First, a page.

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Fast Start-Up is a feature in Windows 8 that hibernates the computer rather than actually shutting it down to speed up boot times. Your system can lose data if Windows hibernates and you dual boot into another OS and make changes to files.
# Install Arch on the second hard drive (that has become the first if you have unplug the Windows one)
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# Be sure to install GRUB on the MBR on the Arch drive (I didn't test with syslinux but it should work too).
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# At the end of the process you should be able to boot on Arch but not on Windows (the disk is unplug and even if not, GRUB doesn't know how to boot Windows... Yet !)
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# Log in on Arch
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#Edit /boot/grub/menu.lst (that needs root access),At the end add :
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(2) Windows
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title Seven
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rootnoverify (hd0,0)
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makeactive
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chainloader +1
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I use '(2)' because '(0)' and '(1)' are already used by Arch.  
+
  
If you want Windows to be loaded by default (the happy wife, happy life way !)
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[http://sourceforge.net/p/ntfs-3g/ntfs-3g/ci/559270a8f67c77a7ce51246c23d2b2837bcff0c9/ NTFS-3G added a safe-guard] to prevent read-write mounting of hibernated disks, but the NTFS driver within the Linux kernel has no such safeguard.
Change the 'default' value by the one used for declaring Windows just before (here it is '2').
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Ex :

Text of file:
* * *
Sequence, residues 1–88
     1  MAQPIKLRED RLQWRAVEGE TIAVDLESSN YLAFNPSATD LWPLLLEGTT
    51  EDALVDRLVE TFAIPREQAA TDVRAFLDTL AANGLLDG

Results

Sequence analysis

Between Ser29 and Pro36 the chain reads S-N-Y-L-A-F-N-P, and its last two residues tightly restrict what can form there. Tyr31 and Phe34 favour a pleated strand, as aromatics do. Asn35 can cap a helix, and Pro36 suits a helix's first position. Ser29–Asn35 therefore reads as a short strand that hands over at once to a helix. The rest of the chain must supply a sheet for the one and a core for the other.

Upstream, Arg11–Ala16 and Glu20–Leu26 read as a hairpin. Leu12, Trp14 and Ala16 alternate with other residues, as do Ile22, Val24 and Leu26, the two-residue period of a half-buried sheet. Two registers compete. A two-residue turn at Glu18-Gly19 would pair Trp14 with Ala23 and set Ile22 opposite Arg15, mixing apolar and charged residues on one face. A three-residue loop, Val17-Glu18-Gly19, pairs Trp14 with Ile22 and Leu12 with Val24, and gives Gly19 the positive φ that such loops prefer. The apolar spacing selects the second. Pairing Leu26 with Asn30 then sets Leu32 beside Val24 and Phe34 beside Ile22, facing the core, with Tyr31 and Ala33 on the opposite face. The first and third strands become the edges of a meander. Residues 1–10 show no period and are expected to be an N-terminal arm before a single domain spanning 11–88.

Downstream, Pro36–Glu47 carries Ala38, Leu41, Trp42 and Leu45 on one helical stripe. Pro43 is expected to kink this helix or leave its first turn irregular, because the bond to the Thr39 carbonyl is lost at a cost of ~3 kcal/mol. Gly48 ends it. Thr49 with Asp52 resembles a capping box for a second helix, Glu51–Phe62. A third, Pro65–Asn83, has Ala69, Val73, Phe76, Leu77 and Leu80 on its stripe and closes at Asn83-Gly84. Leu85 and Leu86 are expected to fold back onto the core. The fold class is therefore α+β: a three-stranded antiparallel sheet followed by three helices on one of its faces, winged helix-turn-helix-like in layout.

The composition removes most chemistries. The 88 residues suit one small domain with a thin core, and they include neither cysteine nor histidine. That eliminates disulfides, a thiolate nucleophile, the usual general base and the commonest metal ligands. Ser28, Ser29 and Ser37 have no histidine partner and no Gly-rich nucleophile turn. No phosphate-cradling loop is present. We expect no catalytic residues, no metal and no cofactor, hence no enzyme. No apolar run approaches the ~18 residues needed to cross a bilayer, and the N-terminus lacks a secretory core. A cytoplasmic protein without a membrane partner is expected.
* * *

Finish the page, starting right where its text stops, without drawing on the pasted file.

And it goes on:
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# general configuration:
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timeout  8
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default  2
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7/halt your computer and plug-in the Windows drive
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== BIOS Systems ==
  
8/Restart the computer.
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=== Using a Linux boot loader ===
You should see the GRUB menu proposing Arch and Windows. Select the one you want et voila !
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=== Arch + Windows ===
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You may use [[GRUB#Dual-booting|GRUB]] or [[Syslinux#Chainloading|Syslinux]].
  
If Windows is not on the first hard drive, the Windows boot loader must be "tricked" into thinking Windows is on the first hard drive. Do this by adding the following lines to your menu.lst config file:
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=== Using Windows boot loader ===
map (hd0) (hd1)
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map (hd1) (hd0)
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So the entry for Windows on second disk, first partition will look like this: